“The Ministry of Foreign Affairs of Denmark will increase transparency by increasing public possibilities of ‘tracing’ how Danish development cooperation funds are used: The Ministry of Foreign Affairs of Denmark will upgrade its own IATI reporting and align future procedures to ensure digital cohesion between the reporting from the ministry and the reporting from grant recipients. As this involves Open Data, the information will be directly available in machine readable format without requiring any action from a central source. In future, organisations receiving grants from the Ministry of Foreign Affairs of Denmark will be required to report their activities in accordance with the IATI standard (format) and carry on the requirement to their partners.”

Milestones:

14.1 All major Danish civil society organisations receiving grants from the Ministry of Foreign Affairs of Denmark will start reporting in the IATI standard format

14.2 All other Danish civil society organisations receiving grants from the Ministry of Foreign Affairs of Denmark will start reporting in the IATI standard format

14.3 International organisations receiving grants from the Ministry of Foreign Affairs of Denmark will start reporting in the IATI standard format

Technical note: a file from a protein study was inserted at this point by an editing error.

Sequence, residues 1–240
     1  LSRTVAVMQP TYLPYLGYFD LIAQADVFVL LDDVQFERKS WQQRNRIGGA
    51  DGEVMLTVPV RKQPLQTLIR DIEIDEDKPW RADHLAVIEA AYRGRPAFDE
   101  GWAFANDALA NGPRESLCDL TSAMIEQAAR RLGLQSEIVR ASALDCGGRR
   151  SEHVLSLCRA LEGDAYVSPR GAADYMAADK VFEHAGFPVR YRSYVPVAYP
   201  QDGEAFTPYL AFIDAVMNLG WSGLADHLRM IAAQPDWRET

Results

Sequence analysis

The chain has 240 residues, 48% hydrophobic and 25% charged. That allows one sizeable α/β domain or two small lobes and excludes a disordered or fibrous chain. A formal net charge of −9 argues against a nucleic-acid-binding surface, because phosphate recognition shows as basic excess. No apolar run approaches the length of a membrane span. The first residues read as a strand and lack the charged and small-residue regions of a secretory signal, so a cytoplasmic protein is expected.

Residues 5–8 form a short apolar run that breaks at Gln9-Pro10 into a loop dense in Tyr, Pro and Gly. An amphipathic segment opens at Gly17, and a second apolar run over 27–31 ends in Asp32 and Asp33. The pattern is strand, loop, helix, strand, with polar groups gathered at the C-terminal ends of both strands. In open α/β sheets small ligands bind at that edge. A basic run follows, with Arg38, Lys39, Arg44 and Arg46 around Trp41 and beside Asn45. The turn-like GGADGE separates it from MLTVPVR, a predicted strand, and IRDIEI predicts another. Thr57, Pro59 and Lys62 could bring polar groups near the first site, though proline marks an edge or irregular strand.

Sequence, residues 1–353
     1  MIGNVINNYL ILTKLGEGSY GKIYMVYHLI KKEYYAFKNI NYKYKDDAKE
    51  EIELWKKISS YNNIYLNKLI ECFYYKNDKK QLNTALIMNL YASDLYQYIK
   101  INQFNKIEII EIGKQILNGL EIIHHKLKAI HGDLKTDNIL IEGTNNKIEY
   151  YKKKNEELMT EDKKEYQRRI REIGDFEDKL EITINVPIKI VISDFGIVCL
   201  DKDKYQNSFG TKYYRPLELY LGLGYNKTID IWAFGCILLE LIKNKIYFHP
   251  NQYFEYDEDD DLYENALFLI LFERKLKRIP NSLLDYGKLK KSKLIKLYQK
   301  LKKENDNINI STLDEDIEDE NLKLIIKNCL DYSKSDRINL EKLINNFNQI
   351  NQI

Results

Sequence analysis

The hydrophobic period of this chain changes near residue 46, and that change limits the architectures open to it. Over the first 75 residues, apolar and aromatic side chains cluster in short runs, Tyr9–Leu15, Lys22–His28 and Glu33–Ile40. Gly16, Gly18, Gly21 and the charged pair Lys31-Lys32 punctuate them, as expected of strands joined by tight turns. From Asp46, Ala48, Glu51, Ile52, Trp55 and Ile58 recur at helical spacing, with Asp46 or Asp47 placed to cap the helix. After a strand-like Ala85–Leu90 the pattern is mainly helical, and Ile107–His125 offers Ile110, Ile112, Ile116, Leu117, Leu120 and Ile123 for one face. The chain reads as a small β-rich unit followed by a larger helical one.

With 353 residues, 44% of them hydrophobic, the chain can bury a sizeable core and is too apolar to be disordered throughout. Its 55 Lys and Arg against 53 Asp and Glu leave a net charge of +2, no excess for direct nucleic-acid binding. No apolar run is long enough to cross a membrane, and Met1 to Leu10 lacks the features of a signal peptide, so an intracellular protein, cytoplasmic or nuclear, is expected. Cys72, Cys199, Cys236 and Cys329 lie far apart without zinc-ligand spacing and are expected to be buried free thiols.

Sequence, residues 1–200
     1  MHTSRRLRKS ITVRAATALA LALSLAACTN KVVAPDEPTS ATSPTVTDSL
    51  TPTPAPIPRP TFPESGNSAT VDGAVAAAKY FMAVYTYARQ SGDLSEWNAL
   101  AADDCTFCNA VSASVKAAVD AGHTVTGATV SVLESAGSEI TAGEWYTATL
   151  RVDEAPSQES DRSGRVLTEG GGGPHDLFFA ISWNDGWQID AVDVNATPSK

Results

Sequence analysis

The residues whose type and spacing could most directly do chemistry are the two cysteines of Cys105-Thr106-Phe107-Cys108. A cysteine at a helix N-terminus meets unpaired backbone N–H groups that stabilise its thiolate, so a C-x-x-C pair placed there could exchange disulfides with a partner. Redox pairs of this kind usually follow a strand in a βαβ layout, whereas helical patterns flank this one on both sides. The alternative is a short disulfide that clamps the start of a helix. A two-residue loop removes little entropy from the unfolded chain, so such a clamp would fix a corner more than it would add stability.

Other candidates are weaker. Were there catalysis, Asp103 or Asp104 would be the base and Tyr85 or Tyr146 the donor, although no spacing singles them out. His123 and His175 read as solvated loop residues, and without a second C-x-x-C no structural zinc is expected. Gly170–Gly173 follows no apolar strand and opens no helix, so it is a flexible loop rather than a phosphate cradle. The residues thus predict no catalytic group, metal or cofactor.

14.4 The Ministry of Foreign Affairs of Denmark will start reporting multiple country codes in DAC-CRS format based on IATI reporting from Danish civil society organisations

 

Start Date: 2017

End Date: 2019

Editorial note: For the full text of this commitment, see “The Danish OGP National Action Plan 2017–2019,” Danish Agency for Digitisation, pp. 30–31, https://en.digst.dk/policy-and-strategy/open-government/open-government-partnership-ogp-action-plan/.

IRM Design Report Assessment

IRM Implementation Report Assessment

·       Verifiable: Yes

·       Relevant: Access to information

·       Potential impact: Minor

·       Completion: Limited

·       Did it Open Government? Marginal

This commitment aimed to make it easier for the public to track and understand the results of Danish development aid. To do so, the Ministry of Foreign Affairs (MFA) planned to upgrade Denmark’s reporting under the International Aid Transparency Initiative (IATI), and present a more precise statistical image of Denmark’s role in international development co-operation. [54]